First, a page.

Girls enjoying games at Fair
The Diwali festival was in the middle of November and so schools had a 3 week Diwali/winter vacation during the month. This was an opportunity to have fun filled activities and workshops. Regular sessions in English, library, general knowledge and computer use continued. Many girls are comfortable using computers and that makes their mothers happy and proud. The skill will help girls work on their own publication in form of leaflets and newsletters in January. Added is another empowering skill in form of photography for a relatively new group in Pisavli near Kalyan in Thane district. A 2 day workshop in photography was held. It was originally a village that is now under the impact of urbanization. The girls had never used a camera before. After a workshop they have learnt to take pictures of people and objects of their own choice instead of being only objects of a photograph. With basic knowledge and techniques of photography, they are encouraged tell their stories of daily life through their own pictures, in short to document it.
The girls under this project also attended a 1 day workshop on gender to contextualize their daily experiences of discrimination and control of their mobility etc. Some of them shared their perceptions and feelings about this situation, which were discussed by the group. It seemed the girls do feel strengthened by being together and doing activities collectively.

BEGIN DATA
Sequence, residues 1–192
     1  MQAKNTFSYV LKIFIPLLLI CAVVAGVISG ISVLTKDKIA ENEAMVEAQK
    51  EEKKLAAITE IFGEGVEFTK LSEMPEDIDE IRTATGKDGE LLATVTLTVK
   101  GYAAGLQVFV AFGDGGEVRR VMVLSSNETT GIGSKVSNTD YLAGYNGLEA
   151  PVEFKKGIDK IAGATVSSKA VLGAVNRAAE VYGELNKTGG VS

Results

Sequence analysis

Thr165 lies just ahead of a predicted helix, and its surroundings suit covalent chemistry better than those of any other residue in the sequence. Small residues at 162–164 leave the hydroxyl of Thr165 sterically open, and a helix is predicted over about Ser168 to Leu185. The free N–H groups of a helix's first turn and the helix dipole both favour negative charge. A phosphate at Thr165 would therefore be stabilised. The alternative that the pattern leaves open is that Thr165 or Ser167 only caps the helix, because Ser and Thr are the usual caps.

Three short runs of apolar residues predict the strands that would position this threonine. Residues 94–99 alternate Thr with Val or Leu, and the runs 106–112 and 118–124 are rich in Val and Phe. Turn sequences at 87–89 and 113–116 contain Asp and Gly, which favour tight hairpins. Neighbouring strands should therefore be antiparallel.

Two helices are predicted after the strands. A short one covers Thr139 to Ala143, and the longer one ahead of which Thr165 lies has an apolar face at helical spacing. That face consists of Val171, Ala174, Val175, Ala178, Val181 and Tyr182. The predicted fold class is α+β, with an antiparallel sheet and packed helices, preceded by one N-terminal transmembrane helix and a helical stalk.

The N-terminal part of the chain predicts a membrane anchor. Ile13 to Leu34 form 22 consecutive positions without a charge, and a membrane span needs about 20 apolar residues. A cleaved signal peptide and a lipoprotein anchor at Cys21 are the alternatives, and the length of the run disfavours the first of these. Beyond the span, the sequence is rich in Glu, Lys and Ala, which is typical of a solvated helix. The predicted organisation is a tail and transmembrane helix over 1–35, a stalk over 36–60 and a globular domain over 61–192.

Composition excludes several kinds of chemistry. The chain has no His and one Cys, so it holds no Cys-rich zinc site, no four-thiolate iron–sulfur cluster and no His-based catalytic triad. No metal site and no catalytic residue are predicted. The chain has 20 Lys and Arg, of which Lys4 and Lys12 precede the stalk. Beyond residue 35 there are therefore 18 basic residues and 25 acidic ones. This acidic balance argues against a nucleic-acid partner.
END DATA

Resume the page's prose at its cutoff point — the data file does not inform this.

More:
A hundred girls attended a health camp where their blood samples were tested for identifying their blood group, hemoglobin count and body mass index. This is important for adolescent girls, most of whom are denied necessary nutritious food because of traditional mindsets. This, coupled with heavy household chores, leads to a lot of girls and young women becoming anemic and having a low body weight. A session on low priced healthy food was arranged for girls and young mothers. However, it must be admitted that girls have very limited choice in selecting what to eat due to male centric household menus and son preference for good food.
An Educational Fair was held for about 150 girls in Pisavli, where there were gender and health based games and activities. This was a good way to expose a large number of adolescent girls to the issues of gender. It was also a way of creating a space in the community which was meant only for girls, and where they would be able to just play without inhibitions. Their amazement and joy at having been invited to such a place was infectious. It was a task to close the Fair and pack up for the day that evening!
In Netivali community, girls participated in an Anti-Superstition workshop and saw how it is that self-acclaimed religious gurus use sleight of hand to perform ‘miracles’ and cheat them. The belief in superstitions is a huge problem in many communities in India. These beliefs take on religious significance to the extent that many people refuse to go to a qualified doctor and instead rely on superstitious practices to cure themselves. It was important to expose the younger generation to the deceit and irrationality involved in these practices.
Girls in Malwani community participated in a puppet making workshop and also learnt to use the medium of puppets to express themselves. These girls being from conservative Muslim families are not allowed to take part in other self expression activities such as dance or theatre which require them to perform in public. Therefore, puppets are a good way for them to express publicly while being behind the curtains, literally, as puppetiers.
Participating girls in all three communities plan to use these skills to make public presentations to their community members based on their thoughts on various issues of girls and of the larger society.
Girls give blood samples at Health Camp
Girls learning photography
Girls with their puppets